We need to move from racial inequality to racial harmony!

We don't have to wait for an alien invasion to realize we are all human beings here on Earth and that we share more than not.

In Fort Lauderdale, by Florida Atlantic University, Nova Southeastern University, and Broward College, the actual intersections of the street are pained in multi-color. 

I love it..not black and white, but the colors of the rainbow...mixed, flowing, getting along, and happy.

Let it be--black and white, yellow, brown, and red--a melting pot, together throughout the world in peace and prosperity. 

No more rioting in Ferguson or elsewhere, but celebration of humanity--nothing more, nothing less. ;-)

(Source Photo: Andy Blumenthal)

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March 6, 2013

Really Smart Cities


This is unbelievable design work by Jacque Fresco--architect, futurist and only 96-years old!

As you watch this video, you just have to ask yourself, why didn't we think of that sooner?

His design for the city of the future just seems so intuitive--and in aggregate looks almost like the Internet with a mesh design of interlocking cities working together harmoniously. 

Great concepts:

- Circular cities--with a city center or central hub of essential services (medical, fire, police, etc.) and shopping, and radiating bands of living quarters, agriculture, and recreation. 

- Build from the ground up--rather than build piecemeal, you build the entire architected city from the ground up--first underground infrastructure then building foundations, structures, and all modular, interlocking, interchangeable, and constantly maintained.

- Transportation Conveyers--transport up, down, and around by speedy conveyers or between city hubs by underground maglev trains. 

- Recycle Everything--this is an environment where nothing is wasted and everything gets recycled. 

- Energy Sustainability--all buildings have photovoltaic or solar cells for generating their own renewable energy resources. 

- Clean Water/Air--vital resources like water and air is piped in, cleaned, and constantly monitored for safety. 

Wow, this is a day and night difference from any city that I have ever seen--wouldn't this be the type of place you'd like to raise your family in the future.

Maybe there are times when starting over with a fresh architecture perspective versus just tinkering with the old is necessary to make a bold leap forward--do you think this one of them? ;-)

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March 18, 2012

Your Leadership Ticket Is Waiting

A lot of colleagues tell me that they hate office politics, and for many it represents their one-way ticket to ongoing bickering, infighting, and a virtual endless cycle of unsatisfied wants and unhappiness.

Office politics is where the interests of multiple parties either converge or collide--where convergence occurs through feelings of interdependence (i.e. enterprise) and acts of teamwork, while collisions predominate by stressing independence (i.e. isolationism) and head-butting.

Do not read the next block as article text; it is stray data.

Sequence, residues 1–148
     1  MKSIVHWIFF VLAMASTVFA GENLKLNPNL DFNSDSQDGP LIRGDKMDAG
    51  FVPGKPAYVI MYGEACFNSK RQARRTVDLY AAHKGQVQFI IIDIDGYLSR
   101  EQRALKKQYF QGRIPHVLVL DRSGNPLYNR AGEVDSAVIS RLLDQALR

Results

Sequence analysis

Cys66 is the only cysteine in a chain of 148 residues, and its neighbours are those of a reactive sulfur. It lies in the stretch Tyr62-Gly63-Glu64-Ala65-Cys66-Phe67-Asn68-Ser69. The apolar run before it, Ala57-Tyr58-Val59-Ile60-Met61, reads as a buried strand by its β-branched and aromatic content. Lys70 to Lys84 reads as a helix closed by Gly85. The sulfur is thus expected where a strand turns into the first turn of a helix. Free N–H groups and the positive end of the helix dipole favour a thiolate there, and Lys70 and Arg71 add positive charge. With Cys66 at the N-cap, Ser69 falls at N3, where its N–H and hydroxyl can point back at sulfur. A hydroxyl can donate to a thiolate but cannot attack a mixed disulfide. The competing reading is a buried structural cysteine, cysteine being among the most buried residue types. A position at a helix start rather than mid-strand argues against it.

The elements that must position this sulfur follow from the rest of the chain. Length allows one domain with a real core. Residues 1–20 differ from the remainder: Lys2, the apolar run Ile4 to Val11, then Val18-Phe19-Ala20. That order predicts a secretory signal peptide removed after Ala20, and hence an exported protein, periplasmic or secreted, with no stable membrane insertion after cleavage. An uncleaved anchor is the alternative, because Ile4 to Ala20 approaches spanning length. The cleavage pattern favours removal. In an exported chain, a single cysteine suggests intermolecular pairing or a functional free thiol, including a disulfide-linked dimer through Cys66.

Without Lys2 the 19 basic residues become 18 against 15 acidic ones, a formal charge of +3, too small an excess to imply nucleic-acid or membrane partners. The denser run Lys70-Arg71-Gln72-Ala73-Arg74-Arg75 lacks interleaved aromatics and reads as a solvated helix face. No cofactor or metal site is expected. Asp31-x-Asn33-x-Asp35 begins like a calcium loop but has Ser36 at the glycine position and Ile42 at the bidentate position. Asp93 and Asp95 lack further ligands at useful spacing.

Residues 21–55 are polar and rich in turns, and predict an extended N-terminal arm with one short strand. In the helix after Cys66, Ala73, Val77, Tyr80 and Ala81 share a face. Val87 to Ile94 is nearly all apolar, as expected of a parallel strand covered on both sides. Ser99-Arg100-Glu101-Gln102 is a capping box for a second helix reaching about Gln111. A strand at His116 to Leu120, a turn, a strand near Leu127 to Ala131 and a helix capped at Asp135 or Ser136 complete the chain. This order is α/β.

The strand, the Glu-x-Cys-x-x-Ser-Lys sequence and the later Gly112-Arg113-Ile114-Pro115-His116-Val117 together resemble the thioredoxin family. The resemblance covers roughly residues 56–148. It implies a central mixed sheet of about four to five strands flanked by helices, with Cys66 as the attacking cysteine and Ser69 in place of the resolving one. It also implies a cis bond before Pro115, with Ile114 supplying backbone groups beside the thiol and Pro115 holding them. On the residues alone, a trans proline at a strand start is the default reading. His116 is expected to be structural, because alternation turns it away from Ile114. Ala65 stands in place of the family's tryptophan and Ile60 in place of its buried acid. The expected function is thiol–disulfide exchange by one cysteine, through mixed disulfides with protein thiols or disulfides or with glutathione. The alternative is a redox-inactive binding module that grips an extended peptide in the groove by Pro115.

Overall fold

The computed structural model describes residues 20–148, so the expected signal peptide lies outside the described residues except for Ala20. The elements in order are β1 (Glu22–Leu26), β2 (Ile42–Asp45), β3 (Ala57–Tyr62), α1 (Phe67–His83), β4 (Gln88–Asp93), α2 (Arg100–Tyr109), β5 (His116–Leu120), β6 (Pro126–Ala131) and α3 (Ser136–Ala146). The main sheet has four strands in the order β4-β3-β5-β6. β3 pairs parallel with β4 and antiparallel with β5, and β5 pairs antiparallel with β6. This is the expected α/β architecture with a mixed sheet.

This is where good and bad leadership can make a huge difference.

- One one hand, a bad leader sees the world of the office as "us versus them" and fights almost indiscriminately for his/her share of scope, resources, influence, and power.

- On the other hand, a good leader looks out for the good of the organization and its mission, and works to ensure the people have what they need to get their jobs done right, regardless of who is doing it or why.

Thus, good leaders inspire trust and confidence, because they, without doubt, put the mission front and center--and egos are left at door.

Harvard Business Review (January-February 2011) in an article called "Are You A Good Boss--Or A Great One?" identifies a couple of key elements that inherently create opposition and competitiveness within the enterprise:

1) Division of Labor--This is the where we define that I do this and you do that. This has the potential to "create disparate groups with disparate and even conflicting goals and priorities." If this differentiation is not well integrated back as interrelated parts of an overall organizational identity and mission, then feelings of "us versus them" and even arguments over whose jobs and functions are more important and should come first in the pecking order will tear away at the organizational fiber and chances of success.

2) Scarce Resources--This is where limited resources to meet requirements and desirements impact the various parts of the organization, because not everyone's wishes can be pursued at the same time or even necessarily, at all.  Priorities need to be set and tradeoffs made in what will get done and what won't. Again, without a clear sense of unity versus disparity, scarcity can quickly unravel the organization based on people's  feelings of unfairness, dissatisfaction, unrest, and potentially even "mob rule" when people feel potentially threatened.